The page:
Did you know that many people only get half the recommended dietary fiber in their daily diet? Having enough daily fiber in your diet has become increasingly important because fiber helps support a smoother, more functional digestive system, provides stronger immunity, and promotes overall well-being. Even though you may be making an effort to eat healthier, you may still not be reaching your daily fiber requirements.
The recommended daily dose of fiber is 25 to 30 milligrams per day. Often people do not consume enough fiber since a typical diet for many includes those high in calories, such as white bread, sodas, diet products, juices and red meat, to name a few. Often it is not possible to get all of the daily required fiber from food alone. For example, you would need to eat about 10 apples or bananas every day to get your total daily fiber requirements.
It’s a startling statistic that the U.S. Department of Agriculture estimates only about 5% of Americans reach the recommended level of dietary fiber requirements. An unfortunate result is a substantial burden on the health care system and on the individual health of Americans. It is well known that fiber has been associated with reduced risk of colorectal cancer and metabolic syndrome. Natural fiber is found in many fruits, vegetables and legumes.
Often many people do not get enough fiber because traditional forms of fiber supplements on the market, such as powder or capsules, are inconvenient to take or do not have a pleasant taste. However, many other pleasant forms of fiber are available now including gummies and chewables. Some fiber supplements contain a prebiotic and Inulin, both of which help to build healthy, good bacteria in the colon, while keeping food moving through the digestive system. This action has a beneficial and favorable effect of softening stools and improving bowel function.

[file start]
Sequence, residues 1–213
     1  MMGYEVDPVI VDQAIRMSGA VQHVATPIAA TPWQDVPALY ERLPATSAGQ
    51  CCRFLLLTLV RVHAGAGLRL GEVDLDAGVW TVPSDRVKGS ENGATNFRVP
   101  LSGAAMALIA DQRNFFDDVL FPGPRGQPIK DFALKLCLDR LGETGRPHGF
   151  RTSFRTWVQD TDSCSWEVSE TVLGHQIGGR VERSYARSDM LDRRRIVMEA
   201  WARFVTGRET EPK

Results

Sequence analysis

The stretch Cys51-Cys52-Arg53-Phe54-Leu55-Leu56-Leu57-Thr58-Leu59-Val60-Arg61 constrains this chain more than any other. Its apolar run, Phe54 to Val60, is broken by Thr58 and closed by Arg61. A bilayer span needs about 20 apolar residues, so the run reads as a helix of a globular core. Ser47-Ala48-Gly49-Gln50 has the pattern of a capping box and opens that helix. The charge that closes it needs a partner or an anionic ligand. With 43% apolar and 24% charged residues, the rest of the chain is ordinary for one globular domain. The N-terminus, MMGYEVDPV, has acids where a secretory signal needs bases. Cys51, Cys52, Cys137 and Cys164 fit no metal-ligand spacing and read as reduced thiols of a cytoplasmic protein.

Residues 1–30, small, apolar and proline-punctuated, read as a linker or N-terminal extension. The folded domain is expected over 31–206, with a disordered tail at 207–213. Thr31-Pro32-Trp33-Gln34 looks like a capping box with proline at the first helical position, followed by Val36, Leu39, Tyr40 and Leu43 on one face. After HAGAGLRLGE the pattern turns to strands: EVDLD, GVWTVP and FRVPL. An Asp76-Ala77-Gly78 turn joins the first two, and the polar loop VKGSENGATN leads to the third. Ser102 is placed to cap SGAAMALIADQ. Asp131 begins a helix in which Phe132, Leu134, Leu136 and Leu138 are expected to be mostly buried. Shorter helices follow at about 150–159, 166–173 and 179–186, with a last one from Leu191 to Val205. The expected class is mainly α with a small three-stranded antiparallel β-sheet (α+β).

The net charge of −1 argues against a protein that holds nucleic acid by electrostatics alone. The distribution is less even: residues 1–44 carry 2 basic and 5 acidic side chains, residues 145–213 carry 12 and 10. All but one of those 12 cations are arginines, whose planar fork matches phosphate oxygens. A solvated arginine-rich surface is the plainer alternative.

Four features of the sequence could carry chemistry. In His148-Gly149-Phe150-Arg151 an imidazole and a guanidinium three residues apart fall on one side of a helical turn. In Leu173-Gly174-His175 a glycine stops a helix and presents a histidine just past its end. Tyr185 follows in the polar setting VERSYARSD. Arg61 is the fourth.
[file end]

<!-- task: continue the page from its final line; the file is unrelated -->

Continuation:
Research shows that the digestive system does more than digest food; it plays a key role in the immune system. The healthy bacteria that live in the digestive tract promote immune system function, so it’s important to nourish the body with fiber. Inulin has secondary benefits, too, of possibly lowering cholesterol, balancing blood chemistry and regulating appetite, which can help reduce calorie intake and play a supporting role in weight management.
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Keisha Ellis is a certified family nurse practitioner for Eastern New Mexico Medical Group’s Quick Care. The advice offered in this column is that of the author.